Centre for Intellectual Property and Information Law (2006)
|Centre for Intellectual Property and Information Law (2006)|
|Title:||Review of the Economic Evidence Relating to an Extension of the Term of Copyright in Sound Recordings|
|Author(s):||Centre for Intellectual Property and Information Law|
|Citation:||Centre for intellectual property and information law. (2006). Review of the Economic Evidence Relating to an Extension of the Term of Copyright in Sound Recordings. University of Cambridge|
|Link(s):||Definitive , Open Access|
|Key Related Studies:|
|Linked by:||Gowers (2006)|
|About the Data|
|Data Description:||The study draws on theoretical and empirical data sources from multiple disciplinary fields but with an emphasis on Economics of copyright.
This includes an overview of economic theory of copyright.
The study also identifies various empirical studies of issue directly and indirectly relevant to proposed copyright term extension.
The study also draws on the limited but "suggestive" empirical data relating to term extension namely: Brooks (2005) and Covey (2005).
|Data Type:||Secondary data|
|Secondary Data Sources:|
|Data Collection Methods:|
|Data Analysis Methods:|
|Cross Country Study?:||Yes|
|Government or policy study?:||Yes|
|Time Period(s) of Collection:||
The aim of this study is to provide the Gowers Review with an independent assessment of the economic evidence bearing on proposals to extend the term of copyright in sound recordings. The issue raised before the Review is whether the term of copyright in sound recordings in the UK (and implicitly this would require an alteration at EU level) should be increased.
Main Results of the Study
- Benefits consist of welfare from new works created because of higher levels of expected revenue under the longer term. Costs consist of the increased deadweight losses stemming from restricted access to existing and future work due to the extension.
- Investment in current artists should be based upon the prospects of profits, not the availability of past ones. Therefore retrospective term increases will have no effect upon the creation of new work.
- Extension will increase the net present value of revenues for new works by 1% or less. While some authors argue that this small increase might, in some circumstances, result in a disproportionate reaction, nothing in the empirical evidence suggests that this is the case as regards current levels of production in the record industry.
- Given the small size of this increase, the large number of works already being produced and the likely size of the deadweight loss (particularly in relation to historical works) it is our view that a term extension will likely result in a net loss to UK society as a whole.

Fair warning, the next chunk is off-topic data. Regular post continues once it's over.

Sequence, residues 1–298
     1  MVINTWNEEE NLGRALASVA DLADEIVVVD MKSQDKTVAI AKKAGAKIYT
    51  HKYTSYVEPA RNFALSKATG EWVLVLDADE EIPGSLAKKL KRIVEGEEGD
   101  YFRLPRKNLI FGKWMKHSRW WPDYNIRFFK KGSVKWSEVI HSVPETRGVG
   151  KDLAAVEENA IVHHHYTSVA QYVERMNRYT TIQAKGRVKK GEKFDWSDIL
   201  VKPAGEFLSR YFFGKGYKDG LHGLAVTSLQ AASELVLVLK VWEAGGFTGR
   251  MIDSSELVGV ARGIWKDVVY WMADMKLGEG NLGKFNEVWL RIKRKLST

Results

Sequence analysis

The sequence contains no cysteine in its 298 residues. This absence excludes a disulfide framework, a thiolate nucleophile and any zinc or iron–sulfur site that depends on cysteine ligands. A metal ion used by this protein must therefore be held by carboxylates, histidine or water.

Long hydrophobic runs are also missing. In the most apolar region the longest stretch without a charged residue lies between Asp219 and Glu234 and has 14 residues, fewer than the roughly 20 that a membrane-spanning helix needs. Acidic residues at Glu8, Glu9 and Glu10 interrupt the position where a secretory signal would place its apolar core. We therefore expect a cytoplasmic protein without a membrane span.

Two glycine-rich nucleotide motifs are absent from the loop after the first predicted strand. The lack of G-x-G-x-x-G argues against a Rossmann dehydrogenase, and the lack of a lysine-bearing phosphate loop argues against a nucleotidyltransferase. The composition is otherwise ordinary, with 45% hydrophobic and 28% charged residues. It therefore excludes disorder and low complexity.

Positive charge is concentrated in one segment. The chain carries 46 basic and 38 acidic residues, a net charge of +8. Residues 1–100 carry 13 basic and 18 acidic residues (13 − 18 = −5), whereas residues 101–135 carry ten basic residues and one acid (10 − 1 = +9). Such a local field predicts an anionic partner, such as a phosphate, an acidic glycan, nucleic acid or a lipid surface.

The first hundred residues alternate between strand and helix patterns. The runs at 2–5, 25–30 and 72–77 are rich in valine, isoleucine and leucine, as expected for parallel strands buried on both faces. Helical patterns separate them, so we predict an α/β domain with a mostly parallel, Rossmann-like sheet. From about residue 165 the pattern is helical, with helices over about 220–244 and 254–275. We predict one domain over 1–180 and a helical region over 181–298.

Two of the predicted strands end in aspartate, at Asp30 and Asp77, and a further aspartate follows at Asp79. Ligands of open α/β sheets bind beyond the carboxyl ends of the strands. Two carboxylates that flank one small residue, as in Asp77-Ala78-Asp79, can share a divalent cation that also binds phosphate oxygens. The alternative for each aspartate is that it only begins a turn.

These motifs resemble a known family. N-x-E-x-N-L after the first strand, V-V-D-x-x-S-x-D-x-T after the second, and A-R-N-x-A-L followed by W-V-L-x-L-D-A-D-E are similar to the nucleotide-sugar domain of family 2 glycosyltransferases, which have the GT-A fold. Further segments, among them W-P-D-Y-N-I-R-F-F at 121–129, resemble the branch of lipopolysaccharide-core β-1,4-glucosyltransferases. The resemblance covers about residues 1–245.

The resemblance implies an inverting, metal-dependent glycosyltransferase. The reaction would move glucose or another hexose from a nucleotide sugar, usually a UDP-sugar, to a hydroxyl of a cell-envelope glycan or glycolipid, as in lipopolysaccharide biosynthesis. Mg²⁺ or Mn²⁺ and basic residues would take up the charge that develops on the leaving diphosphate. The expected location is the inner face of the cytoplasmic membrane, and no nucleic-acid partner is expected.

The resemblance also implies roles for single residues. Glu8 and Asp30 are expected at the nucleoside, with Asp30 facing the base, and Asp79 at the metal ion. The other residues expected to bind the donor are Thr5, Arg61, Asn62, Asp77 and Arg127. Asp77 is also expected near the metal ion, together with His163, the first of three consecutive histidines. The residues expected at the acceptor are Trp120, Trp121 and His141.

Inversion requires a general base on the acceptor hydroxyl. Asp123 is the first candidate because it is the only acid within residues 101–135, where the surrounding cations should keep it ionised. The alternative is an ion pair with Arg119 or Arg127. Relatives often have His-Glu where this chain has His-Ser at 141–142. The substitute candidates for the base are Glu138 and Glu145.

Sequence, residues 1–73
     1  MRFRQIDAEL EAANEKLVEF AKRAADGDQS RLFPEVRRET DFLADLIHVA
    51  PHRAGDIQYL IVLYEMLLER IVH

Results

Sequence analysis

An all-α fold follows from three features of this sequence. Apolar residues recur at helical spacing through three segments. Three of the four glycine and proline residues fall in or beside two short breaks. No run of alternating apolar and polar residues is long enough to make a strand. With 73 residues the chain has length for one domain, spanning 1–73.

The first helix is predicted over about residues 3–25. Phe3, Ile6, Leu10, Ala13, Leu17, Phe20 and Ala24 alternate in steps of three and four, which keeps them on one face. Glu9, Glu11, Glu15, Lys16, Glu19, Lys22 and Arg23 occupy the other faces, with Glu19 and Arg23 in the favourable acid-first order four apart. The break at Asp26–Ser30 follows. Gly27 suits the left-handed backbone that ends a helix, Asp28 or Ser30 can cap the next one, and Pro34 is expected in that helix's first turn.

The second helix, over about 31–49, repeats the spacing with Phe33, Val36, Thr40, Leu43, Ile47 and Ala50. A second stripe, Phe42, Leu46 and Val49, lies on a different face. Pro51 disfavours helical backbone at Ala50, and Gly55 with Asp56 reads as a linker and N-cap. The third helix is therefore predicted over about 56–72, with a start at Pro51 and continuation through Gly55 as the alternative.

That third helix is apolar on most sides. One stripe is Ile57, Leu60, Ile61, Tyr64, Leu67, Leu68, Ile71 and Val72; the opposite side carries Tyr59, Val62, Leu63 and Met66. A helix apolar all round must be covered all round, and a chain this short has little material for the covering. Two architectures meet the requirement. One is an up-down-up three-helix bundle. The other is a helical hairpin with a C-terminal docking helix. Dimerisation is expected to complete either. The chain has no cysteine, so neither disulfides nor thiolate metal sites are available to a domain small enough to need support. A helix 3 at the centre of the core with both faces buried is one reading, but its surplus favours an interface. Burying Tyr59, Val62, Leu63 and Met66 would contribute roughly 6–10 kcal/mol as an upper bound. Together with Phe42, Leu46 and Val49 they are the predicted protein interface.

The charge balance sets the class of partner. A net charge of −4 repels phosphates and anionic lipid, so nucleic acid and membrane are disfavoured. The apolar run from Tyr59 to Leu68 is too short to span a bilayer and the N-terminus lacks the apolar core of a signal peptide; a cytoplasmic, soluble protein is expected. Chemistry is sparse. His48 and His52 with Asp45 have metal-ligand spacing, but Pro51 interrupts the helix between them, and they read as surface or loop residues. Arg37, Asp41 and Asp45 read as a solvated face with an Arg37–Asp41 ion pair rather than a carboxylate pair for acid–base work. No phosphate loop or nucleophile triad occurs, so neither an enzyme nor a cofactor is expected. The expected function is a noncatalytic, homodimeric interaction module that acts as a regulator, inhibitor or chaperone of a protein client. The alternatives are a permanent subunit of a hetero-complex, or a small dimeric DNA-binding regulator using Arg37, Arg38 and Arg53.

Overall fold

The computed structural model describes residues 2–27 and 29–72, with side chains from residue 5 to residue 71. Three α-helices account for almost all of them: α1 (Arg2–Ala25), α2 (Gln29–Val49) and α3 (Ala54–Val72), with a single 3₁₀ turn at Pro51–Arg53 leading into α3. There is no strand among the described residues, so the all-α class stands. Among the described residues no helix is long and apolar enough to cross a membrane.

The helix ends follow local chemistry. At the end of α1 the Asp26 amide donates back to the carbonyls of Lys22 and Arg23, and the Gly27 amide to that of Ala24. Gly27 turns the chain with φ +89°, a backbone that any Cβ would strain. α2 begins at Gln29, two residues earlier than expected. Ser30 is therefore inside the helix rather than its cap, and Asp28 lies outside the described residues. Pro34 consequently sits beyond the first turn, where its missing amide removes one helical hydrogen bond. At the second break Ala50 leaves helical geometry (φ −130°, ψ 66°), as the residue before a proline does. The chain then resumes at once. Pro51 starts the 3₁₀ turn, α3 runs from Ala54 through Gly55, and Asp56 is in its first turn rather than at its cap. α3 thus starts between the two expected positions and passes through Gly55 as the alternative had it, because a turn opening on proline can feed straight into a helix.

- Increasing copyright term increases revenues to the record industry. For retrospective extensions the 2% increase in the present value of revenues (being approximately 160 million pounds) suggested by PwC would seem plausible while for prospective extensions the figure would likely be 1% or lower.
- Existing literature gives little indication as to how revenues would be distributed however our research did indicate that featured recording artists would likely benefit to some extent from such an extension with typical royalties rates around 5–15%.
- Existing economic theory plausibly suggests that the extension of copyright term increases costs to consumers (consumers should be construed in a wide sense to include all users of recorded music including bars, film-makers, broadcasters etc). While the immediate cost of prospective extension is likely to be small, the immediate cost of an extension applied to existing works would likely be significant.
- Increasing copyright term in the UK from 50 to 70 (or 95 years) is likely to have a significant, negative effect, on balance of trade.
- The theoretical arguments that some incentive is required to induce publication, archiving and preservation activities in relation to old works seem to us to be plausible. However the review does not find that the need for such incentives would justify giving existing copyright holders an extended term of protection in the original work.
- Modern systems of law regard the protection of established rights as fundamental. That is, once granted, modern legal systems rarely reduce existing entitlements. The effect of the principle of respect for established rights is that it is much easier to extend copyright term than to reduce it (so much so that term extensions are likely to be 'irreversible').
- If term were not extended and research over the next ten years showed this lack of extension to have been a mistake then it would be relatively easy to correct this error by introducing a term extension.
Policy Implications as Stated By Author
"Any decision to extend term should be based on stronger evidence than one to keep term at its current level."
"Secondly, the prudent policy-maker faced with uncertainty should prefer a course of inaction so as to keep options open and await better and more precise data. Thus, the case for an extension would have to be especially compelling to make it preferable to keeping term at its current length. This, combined with our conclusion that the case for term extension is, in fact, weak, it would be particularly inadvisable, given our present state of knowledge, for a rational policy-maker to extend the term of copyright in sound recordings."